Changing commercial property into residential living spaces has become an increasingly popular trend in recent years, and it’s easy to see why – with the rise of remote work, more commercial spaces are sitting empty. Residential conversion of existing commercial buildings can provide opportunities for developers, investors and tenants.
In this article we look at:
- How investors change commercial property into residential living spaces
- Depreciation eligibility
How investors change commercial property into residential living spaces
Changing a commercial building to a residential property can be a complex process involving several steps, such as obtaining necessary permits and complying with building regulations and zoning laws.
While growing in popularity, it’s not an easy undertaking to convert property usage. Typically, the most difficult factors are zoning and residential tenancy laws.
Zoning laws in Australia are a set of regulations which govern land use and development. Each state and territory in Australia has its own set of zoning regulations, which are administered by local councils or planning authorities.
Most zones fall into a residential, agricultural, commercial, or industrial category. Zoning can be exclusive or mixed-use. It’s important to note that the specific rules and regulations for each zone can vary by jurisdiction and can be subject to change over time. Building owners and developers should contact their local council or building authority to find out information specific to their scenario.
In Australia, each state and territory also has its own residential tenancy laws which specify the minimum standards that rental properties must meet. These standards are in place to ensure that rental properties are safe, habitable, and meet the basic needs of tenants.
For instance, according to New South Wales Government Fair Trading, a property must have the following to meet minimum standards:
– Be structurally sound
– Have adequate natural or artificial lighting in each room, except storage rooms or garages
– Have adequate ventilation
– Be supplied with electricity or gas, and have enough electricity or gas sockets for lighting, heating and other appliances
– Have adequate plumbing and drainage
– Have a water connection that can supply hot and cold water for drinking, washing and cleaning
– Have bathroom facilities, including toilet and washing facilities, that allow users’ privacy
It’s important for landlords and property managers to be aware of the minimum standards in their state or territory and to ensure that their rental properties meet these standards.
One of the primary benefits of changing the use of a property is that it can be done quickly and cost-effectively. Instead of starting from scratch, developers can work with existing structures, often resulting in a shorter construction timeline and lower costs.
When changing commercial property, many assets will become obsolete. Items such as desks, counters, shelving, CCTV systems, flooring and more are typically removed to prepare the building for residential use. In most cases, commercial buildings will be completely stripped back to reveal the original shell, this is commonly known as bringing a property ‘back to base’.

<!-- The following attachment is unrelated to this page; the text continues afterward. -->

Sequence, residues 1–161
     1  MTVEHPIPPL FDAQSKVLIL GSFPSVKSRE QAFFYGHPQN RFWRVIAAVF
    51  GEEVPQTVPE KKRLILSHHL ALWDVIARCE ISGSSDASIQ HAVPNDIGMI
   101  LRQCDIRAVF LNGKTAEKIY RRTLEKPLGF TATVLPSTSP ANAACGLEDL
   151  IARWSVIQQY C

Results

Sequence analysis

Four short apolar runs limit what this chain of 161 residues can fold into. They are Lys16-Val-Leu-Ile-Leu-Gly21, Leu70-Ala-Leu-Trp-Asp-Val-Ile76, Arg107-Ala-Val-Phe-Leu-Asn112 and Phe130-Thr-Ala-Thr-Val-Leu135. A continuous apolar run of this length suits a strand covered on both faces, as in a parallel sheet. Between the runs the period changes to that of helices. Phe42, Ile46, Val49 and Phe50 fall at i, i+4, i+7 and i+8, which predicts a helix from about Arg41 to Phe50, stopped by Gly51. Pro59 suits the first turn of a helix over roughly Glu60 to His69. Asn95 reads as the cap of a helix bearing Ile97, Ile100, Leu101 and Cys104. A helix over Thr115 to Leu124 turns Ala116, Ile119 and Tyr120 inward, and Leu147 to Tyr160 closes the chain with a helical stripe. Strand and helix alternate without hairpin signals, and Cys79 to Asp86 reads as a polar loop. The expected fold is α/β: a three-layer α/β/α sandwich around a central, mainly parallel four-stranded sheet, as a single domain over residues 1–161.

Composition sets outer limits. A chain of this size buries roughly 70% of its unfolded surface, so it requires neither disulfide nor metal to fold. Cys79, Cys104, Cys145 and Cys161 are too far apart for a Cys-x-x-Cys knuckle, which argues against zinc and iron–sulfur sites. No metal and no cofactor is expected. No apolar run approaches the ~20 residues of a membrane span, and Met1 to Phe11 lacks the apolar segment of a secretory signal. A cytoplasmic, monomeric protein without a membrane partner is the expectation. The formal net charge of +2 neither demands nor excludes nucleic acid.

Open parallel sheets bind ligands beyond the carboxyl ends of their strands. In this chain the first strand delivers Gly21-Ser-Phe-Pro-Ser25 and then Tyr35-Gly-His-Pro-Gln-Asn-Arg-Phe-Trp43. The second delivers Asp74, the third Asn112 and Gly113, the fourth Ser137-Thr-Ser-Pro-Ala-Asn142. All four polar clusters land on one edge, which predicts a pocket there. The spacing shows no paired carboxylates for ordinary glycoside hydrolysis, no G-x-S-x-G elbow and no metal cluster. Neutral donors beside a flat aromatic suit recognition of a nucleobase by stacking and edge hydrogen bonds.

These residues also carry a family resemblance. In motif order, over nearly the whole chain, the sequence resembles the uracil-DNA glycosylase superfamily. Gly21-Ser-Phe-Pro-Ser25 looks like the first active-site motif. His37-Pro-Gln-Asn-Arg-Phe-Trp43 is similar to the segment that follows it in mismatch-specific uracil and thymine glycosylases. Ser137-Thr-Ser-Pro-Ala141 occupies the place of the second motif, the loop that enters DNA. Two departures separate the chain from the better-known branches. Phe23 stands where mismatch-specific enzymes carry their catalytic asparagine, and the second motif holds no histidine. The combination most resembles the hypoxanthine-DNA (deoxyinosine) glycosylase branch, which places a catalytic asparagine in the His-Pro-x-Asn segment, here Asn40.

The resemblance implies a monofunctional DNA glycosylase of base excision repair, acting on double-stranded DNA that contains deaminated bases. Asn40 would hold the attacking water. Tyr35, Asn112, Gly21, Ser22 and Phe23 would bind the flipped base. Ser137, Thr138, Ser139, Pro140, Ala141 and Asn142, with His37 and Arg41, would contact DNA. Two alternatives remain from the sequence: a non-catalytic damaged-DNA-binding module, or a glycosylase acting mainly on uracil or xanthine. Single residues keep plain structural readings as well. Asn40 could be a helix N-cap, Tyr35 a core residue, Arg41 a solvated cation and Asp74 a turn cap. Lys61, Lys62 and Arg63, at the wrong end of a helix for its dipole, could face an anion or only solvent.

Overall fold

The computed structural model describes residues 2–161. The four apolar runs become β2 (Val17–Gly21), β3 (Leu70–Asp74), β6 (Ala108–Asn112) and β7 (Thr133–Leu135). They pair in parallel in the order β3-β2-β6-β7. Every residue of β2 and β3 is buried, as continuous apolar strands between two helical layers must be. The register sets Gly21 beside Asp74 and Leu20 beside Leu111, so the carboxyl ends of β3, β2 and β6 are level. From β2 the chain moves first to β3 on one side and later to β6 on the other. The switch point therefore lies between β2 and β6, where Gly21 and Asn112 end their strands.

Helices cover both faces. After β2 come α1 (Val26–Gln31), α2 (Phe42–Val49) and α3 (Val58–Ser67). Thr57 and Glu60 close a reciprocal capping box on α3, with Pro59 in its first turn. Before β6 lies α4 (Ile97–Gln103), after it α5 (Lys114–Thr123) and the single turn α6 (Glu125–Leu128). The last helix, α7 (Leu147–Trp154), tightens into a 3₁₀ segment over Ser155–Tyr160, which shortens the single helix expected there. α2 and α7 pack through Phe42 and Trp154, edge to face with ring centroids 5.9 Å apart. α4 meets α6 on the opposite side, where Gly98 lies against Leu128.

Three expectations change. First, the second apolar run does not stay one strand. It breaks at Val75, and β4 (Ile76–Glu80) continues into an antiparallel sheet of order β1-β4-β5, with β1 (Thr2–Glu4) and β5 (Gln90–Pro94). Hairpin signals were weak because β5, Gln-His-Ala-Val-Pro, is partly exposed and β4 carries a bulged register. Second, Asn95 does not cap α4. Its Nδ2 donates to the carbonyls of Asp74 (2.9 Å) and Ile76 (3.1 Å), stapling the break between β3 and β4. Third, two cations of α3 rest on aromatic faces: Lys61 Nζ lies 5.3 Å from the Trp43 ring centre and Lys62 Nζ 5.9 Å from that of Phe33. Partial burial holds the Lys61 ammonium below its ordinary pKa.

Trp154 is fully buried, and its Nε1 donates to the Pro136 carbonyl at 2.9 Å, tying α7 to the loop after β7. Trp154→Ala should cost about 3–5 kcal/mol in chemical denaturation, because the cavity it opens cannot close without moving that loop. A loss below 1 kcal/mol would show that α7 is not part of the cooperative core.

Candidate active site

When removing assets with remaining value, investors can ‘scrap’ these assets and claim the unclaimed depreciation and capital works as a tax deduction.
Scrapping value is essentially the un-claimed or un-deducted depreciable value of an asset at the time of removal. The scrapping value is calculated as follows:
Scrapping value = original depreciable value – deducted value to date
For instance, if the original value of desks were $7,000, and $3,000 in depreciation was claimed by the time of the asset’s disposal, the ‘scrapping’ value would be $4,000. The owner could claim the $4,000 as an instant tax deduction in the same financial year as removal.
It’s important to talk to a specialised quality surveyor before removing any assets so they can record the assets available for depreciation deductions.
Residential property is subject to different depreciation rules than commercial property. Owners are eligible to claim depreciation deductions on capital works and qualifying assets. Tenants are generally not eligible to claim depreciation deductions on rental property unless they are using the property to produce income, such as running a home-based business.
Since the 2017 legislative changes, owners of second-hand properties could no longer claim deductions on existing assets. This doesn’t affect brand-new properties, brand-new assets commercial property or capital works deductions.
Therefore, changing commercial property into residential spaces often involves significant renovations, upgrades, and installing new fit-outs, which generates qualification for depreciation on newly installed assets and upgrades.
Changing commercial property into residential spaces is likely to continue as cities seek to address the ongoing housing shortage. With the right planning and execution, it’s possible to create high-quality, affordable housing options which benefit tenants, the local community and the investor.
It’s essential to engage a specialised quantity surveyor to complete site inspections before and after properties are converted and renovations completed. Failing to do so can mean missing out on significant deductions, resulting in a potential loss of thousands of dollars.
BMT Tax Depreciation conduct physical site inspections to ensure all deductions are identified and claims are maximised while maintaining full Australian Taxation Office compliance
To learn more about the deductions available in residential units call BMT on 1300 728 726 or Request a Quote.